Guest Blog on the Greenbelt WebSite
Our planet could be such a wonderful place, but it’s spoiled by injustice, poverty, hunger and greed. There’s a huge gap between “the World as it is” and “the World as it should be”.
Jesus often announced that “the Kingdom of Heaven is near!”. It was a wonderful mini-sermon, but it raises a few questions…
Did he mean the Kingdom was physically present? Or was he saying it was on its way? Or both?
Theologians sometimes use the phrase “now and not yet” to describe the Kingdom of God. The promise will only be fulfilled at the end of time, but a bit of tomorrow often breaks through into today.
Christians are called to turn “the World as it is” into “the World as it should be”. It’s one way we can welcome the “now and not yet” Kingdom.
We could sit around and moan about the state of the World – or hold conferences to discuss what “someone” could do. Or we could join with God in taking action to make things better. We can be the hands and feet of Jesus in a world that needs him more than ever.
I became a vicar because I wanted to change the world. I admit I was a little young and idealistic, but I wanted to make a difference, and I thought that following Jesus was the way to go. Unfortunately, I spent a lot of time preaching sermons, organising events and running meetings. I’m sure it was all good, but it wasn’t what I thought God was calling me to do.
Ten years ago, I was introduced to Citizens UK. Citizens is well-known for its campaigns about refugees and the Living Wage, but the core of its work is grass-roots community organising.
Community organising helped me to rediscover my calling as a Christian. I learned a set of tools which enabled me to move from vision and values to action and change. Many of those tools were very familiar, but Citizens helped me to join the dots.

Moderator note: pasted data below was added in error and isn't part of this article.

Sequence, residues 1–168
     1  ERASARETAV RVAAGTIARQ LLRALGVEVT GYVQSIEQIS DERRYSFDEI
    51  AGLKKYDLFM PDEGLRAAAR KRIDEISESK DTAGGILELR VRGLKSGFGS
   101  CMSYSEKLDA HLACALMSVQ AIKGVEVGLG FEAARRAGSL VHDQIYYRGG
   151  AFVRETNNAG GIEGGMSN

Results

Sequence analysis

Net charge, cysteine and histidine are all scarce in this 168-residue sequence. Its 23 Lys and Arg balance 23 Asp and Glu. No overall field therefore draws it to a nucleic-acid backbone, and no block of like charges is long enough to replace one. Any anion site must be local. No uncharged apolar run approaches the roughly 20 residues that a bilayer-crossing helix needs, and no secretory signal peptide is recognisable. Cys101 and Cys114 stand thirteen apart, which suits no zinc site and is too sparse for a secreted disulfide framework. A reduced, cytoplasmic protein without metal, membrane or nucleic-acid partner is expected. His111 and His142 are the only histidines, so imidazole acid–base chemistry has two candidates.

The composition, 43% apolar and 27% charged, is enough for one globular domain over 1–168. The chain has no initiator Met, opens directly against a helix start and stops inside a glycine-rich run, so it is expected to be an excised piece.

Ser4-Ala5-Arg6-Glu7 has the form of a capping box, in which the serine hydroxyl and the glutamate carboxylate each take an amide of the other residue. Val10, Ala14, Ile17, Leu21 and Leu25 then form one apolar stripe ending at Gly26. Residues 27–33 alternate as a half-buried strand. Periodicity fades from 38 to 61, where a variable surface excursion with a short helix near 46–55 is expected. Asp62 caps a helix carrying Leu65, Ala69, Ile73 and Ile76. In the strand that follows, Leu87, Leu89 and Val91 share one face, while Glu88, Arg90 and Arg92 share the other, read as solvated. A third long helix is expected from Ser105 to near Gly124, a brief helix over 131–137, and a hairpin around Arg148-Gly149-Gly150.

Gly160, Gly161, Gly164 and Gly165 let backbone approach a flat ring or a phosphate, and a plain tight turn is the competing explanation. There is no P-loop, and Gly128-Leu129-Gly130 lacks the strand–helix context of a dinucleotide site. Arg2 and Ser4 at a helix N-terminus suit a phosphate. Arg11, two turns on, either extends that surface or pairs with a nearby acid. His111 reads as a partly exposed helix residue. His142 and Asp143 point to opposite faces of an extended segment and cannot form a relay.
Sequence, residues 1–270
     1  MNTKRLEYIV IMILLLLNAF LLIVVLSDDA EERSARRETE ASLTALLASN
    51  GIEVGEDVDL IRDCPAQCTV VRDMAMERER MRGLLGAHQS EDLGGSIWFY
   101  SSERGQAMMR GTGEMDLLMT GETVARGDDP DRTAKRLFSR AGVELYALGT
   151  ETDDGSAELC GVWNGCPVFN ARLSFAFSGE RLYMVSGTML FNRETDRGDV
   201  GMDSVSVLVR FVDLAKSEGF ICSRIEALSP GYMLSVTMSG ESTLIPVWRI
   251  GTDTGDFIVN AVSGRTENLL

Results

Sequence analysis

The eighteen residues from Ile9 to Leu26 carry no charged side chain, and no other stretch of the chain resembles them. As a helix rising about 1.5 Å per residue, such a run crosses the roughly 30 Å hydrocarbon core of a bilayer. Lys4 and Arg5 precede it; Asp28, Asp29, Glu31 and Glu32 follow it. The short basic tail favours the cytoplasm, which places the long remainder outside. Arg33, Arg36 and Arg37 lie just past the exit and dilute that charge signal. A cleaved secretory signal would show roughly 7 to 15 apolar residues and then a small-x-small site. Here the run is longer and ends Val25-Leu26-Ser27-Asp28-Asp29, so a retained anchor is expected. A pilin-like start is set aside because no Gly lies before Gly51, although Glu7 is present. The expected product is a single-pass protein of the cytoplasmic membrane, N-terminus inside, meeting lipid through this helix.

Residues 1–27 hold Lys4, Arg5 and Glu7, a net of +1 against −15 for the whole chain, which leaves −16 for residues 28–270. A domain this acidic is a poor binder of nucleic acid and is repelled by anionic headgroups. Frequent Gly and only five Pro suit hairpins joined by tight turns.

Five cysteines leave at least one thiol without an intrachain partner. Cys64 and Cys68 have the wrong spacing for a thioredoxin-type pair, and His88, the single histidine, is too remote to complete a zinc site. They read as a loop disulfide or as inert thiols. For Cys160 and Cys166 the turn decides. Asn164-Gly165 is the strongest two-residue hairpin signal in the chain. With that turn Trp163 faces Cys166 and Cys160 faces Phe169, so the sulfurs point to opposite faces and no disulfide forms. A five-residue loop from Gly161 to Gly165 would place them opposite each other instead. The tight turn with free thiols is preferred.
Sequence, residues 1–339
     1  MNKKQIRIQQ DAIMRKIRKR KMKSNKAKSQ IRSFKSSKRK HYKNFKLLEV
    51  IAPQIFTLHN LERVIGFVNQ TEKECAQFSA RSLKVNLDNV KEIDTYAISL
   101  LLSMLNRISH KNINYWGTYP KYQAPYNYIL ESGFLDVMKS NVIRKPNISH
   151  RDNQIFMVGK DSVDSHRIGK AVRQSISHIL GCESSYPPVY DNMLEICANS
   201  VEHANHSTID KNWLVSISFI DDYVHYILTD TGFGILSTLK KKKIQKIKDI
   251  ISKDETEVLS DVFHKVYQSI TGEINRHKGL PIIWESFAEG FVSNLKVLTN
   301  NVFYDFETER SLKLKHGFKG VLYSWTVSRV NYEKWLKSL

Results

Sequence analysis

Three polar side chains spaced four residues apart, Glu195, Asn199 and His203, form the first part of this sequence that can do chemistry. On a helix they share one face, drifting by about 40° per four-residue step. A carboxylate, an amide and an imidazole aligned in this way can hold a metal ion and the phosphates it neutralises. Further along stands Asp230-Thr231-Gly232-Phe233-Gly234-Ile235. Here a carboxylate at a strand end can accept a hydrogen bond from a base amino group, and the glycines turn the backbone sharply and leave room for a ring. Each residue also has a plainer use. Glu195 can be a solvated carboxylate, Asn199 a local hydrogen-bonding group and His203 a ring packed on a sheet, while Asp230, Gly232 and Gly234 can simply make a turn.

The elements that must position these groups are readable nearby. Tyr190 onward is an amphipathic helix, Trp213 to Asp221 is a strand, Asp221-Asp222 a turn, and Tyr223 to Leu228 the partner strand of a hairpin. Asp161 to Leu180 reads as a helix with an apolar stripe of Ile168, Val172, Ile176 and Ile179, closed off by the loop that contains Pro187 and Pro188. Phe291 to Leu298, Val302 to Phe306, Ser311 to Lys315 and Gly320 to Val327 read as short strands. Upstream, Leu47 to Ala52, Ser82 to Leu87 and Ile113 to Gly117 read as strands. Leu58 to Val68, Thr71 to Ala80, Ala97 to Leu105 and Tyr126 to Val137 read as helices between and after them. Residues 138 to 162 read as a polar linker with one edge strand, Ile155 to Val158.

I’ve actually had a lot more fun as a result of community organising. Some of my best moments have happened as a result of this wild ride: welcoming Syrian refugees at an airport; getting to know Muslim neighbours; meeting politicians or negotiating with business leaders. It’s been particularly brilliant to see other people pick up the tools and transform their churches, neighbourhoods and cities.
Citizens UK is proud to be an associate partner with Greenbelt this year. We’re delighted to be part of a festival that has a passion for justice at its core. We’ll be sharing some of our exciting campaigns and projects, but we also want to encourage churches to think about community organising as a method which builds disciples, transforms communities and challenges injustice.
Together, I hope we can bring some of “the World as it should be” into “the World as it is”.
Anglican vicar and Co-chair of the CUK Council